moa raises $44 Million in Series B Financing to Progress a New Generation of Safe and Sustainable Crop Protection Products
Can herbicide mixtures hold back weed resistance?
moa has moved to the Bellhouse Building, a prestigious new facility recently opened at the Oxford Science Park.
Two new investors are to fund moa with a further £5 million extension to the company’s Series A funding round.
moa has a new CEO, Dr Virginia Corless, an experienced leader of cutting-edge enterprises that aim to make agriculture more efficient and sustainable. Dr Corless, who has a multi-disciplinary background, trained at the University of Cambridge and MIT. She has had senior roles in organisations concerned with energy, water and food security.
The year 2020, with the global disruption to normal work practices caused by the COVID-19 pandemic, showed the value in having good access to data and the ability to integrate it, build connectivity and forge new knowledge.
moa has been highlighted as a company with an innovative approach to the discovery process for new crop protection chemistry.
moa and CAS have announced an agreement to embed chemical substance data from the CAS REGISTRY® directly into moa's R&D workflow.
moa has been cited as an example of the importance of investment in agri-tech thrown into sharp relief by the Covid-19 pandemic.
At last, after more than thirty years, herbicide active ingredients with new modes of action are in the pipeline. The growing problem of resistant weeds has driven more research effort, which is now showing signs of success.
Some new herbicide modes of action have been announced recently. So, new modes of action are there to be discovered, although it will be some years before the active ingredients concerned reach the market.
Recently published results of a survey of herbicide resistant blackgrass in England have revealed the extent and severity of infestations.
moa has been named as one of the most exciting new companies emerging from the vibrant technology environment in and around the city of Oxford, UK.
Modern chemical herbicides have provided effective weed control and raised crop yields. However, they are forbidden in organic food production and organic farmers have to use a variety of alternative methods to control weeds.
moa is successfully running CDD Vault, a comprehensive informatics platform from San Francisco-based Collaborative Drug Discovery Inc. CDD Vault brings unique advantages to archiving, mining and analysing chemistry and biology research data from moa's in vivo herbicide discovery platforms (GALAXY, TARGET, SELECT).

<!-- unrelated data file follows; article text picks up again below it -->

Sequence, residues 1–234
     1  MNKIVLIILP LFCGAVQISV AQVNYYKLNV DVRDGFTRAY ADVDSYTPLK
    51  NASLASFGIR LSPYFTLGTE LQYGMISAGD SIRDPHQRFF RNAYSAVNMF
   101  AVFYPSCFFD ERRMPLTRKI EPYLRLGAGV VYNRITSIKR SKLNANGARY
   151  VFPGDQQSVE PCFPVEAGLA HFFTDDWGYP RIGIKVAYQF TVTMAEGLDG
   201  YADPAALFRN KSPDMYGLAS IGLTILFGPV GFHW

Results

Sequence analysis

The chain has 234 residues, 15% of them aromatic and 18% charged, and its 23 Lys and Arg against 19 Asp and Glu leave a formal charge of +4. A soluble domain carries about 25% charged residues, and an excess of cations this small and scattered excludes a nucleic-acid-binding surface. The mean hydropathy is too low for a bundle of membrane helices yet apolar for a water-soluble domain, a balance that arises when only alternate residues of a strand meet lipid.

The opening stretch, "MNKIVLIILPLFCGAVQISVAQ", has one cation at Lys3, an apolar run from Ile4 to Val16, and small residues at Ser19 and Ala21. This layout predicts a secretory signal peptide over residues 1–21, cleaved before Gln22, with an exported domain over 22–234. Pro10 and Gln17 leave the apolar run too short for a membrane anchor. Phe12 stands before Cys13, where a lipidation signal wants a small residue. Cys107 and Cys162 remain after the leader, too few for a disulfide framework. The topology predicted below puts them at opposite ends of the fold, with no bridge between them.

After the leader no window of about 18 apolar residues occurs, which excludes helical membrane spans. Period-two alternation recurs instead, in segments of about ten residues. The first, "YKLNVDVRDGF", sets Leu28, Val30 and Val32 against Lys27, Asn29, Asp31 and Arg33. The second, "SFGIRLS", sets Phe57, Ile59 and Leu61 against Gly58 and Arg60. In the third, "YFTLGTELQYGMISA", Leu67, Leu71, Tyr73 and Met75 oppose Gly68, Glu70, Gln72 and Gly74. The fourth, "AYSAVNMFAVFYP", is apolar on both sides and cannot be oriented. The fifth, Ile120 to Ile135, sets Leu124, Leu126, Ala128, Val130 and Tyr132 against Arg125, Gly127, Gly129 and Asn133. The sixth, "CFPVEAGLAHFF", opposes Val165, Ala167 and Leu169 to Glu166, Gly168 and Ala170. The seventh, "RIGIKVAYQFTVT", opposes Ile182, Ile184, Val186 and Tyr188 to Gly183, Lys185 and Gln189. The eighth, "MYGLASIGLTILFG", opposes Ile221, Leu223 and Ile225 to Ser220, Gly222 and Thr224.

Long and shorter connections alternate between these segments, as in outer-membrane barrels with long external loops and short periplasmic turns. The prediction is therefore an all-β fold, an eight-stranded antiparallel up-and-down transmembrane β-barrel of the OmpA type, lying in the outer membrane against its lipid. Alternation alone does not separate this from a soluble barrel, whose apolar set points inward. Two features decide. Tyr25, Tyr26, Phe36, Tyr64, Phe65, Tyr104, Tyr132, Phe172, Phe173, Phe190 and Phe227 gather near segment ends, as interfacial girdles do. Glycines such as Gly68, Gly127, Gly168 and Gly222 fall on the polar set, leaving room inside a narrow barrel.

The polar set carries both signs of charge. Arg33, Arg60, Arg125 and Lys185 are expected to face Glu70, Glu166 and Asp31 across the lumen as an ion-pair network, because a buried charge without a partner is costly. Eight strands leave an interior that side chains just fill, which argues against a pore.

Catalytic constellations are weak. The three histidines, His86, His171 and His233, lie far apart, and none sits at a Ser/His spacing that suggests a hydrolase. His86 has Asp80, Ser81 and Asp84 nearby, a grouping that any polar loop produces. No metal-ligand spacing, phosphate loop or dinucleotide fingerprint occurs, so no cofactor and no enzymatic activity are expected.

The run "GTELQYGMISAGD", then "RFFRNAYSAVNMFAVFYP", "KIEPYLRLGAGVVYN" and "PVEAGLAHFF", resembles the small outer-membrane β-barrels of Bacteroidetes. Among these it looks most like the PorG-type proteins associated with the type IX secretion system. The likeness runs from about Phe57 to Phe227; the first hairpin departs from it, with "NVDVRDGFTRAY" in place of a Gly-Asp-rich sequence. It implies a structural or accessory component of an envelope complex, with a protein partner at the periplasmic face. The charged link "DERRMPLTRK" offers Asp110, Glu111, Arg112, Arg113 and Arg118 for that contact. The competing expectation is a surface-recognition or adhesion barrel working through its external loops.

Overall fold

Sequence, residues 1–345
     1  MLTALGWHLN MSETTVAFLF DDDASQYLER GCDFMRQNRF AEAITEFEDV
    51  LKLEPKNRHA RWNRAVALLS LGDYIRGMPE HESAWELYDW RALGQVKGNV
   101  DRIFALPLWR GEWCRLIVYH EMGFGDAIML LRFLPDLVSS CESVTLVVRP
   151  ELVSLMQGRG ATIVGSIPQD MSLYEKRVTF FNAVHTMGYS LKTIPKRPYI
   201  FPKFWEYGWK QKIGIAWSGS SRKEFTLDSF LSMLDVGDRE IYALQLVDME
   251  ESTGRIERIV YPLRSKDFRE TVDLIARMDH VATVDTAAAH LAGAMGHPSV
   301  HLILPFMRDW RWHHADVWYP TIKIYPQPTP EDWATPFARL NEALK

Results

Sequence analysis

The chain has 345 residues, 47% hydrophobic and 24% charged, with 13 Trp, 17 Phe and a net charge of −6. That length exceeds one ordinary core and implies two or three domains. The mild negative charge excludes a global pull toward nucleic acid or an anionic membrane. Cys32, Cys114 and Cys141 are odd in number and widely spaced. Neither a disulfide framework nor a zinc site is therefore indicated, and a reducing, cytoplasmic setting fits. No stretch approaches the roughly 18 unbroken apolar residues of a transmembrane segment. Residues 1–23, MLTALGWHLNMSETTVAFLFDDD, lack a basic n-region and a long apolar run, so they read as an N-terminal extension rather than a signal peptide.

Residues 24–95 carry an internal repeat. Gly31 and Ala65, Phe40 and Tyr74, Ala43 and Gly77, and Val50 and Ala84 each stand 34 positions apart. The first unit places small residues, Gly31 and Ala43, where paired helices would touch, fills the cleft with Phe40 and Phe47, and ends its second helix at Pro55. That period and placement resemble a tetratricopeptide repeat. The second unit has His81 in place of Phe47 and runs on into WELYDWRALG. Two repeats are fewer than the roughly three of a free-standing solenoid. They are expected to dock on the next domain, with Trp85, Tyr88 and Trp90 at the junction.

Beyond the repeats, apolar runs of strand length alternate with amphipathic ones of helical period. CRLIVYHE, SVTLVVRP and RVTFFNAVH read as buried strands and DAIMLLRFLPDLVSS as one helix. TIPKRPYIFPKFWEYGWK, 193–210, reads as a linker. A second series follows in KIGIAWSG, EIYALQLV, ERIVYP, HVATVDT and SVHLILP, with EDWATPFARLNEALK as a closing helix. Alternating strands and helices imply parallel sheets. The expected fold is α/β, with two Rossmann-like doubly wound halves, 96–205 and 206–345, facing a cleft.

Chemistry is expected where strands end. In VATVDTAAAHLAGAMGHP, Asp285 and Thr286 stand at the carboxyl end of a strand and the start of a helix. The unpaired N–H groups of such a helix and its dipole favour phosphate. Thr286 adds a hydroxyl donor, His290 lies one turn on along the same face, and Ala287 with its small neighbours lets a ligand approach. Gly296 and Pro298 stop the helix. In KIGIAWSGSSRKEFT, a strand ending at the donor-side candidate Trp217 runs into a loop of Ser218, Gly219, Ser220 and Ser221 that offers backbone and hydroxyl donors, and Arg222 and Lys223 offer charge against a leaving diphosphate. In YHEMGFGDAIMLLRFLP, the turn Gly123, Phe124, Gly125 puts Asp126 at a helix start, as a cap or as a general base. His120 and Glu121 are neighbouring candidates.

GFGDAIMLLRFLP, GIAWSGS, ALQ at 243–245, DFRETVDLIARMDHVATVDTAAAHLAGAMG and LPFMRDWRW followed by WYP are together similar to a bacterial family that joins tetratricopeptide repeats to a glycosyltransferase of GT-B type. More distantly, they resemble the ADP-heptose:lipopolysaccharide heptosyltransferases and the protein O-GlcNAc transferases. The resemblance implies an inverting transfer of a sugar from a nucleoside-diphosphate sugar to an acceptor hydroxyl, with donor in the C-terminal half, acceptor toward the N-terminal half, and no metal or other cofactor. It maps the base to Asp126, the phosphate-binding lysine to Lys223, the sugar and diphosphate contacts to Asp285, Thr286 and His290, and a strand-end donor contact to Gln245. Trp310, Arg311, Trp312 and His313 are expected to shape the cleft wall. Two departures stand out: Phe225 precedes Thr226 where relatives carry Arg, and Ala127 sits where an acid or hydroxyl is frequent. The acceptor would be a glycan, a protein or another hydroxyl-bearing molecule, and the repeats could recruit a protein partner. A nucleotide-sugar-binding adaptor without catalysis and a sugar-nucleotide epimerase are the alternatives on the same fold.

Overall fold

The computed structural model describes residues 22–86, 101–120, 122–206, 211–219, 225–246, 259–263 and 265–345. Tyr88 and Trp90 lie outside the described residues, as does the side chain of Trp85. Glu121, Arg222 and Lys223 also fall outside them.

The fundamental effect herbicides have on plant biochemistry is called the mode of action. After spraying, weeds are controlled by a cascade of biochemical events that generate various symptoms of abnormal growth and development.
moa, the crop protection discovery company, announced today the completion of their £6.3m ($8m) Series A round. This follows the successful launch of the company in 2018 and the development of its unique crop protection discovery platforms.
moa has secured funding of £6.3m ($8m) to develop its unique in vivo herbicide discovery platforms GALAXY, TARGET and SELECT.
Palmer amaranth (Amaranthus palmeri) is an aggressive broadleaved weed that has become a severe problem in crops such as cotton, maize and soybeans across the US.
Baroness Nicola Blackwood, UK Parliamentary Under Secretary of State for Innovation, met the moa team when she officially opened the Oxford BioEscalator.
Blackgrass (Alopecurus myosuroides) resistance has plagued cereal growing in Northern Europe since the early 1980s. In the UK it is reckoned that resistant populations exist on virtually all farms where any blackgrass herbicide has been used regularly.
moa has announced the appointment of David Scott, a highly experienced crop protection industry executive as Head of Business Development. David completes the senior management team at moa.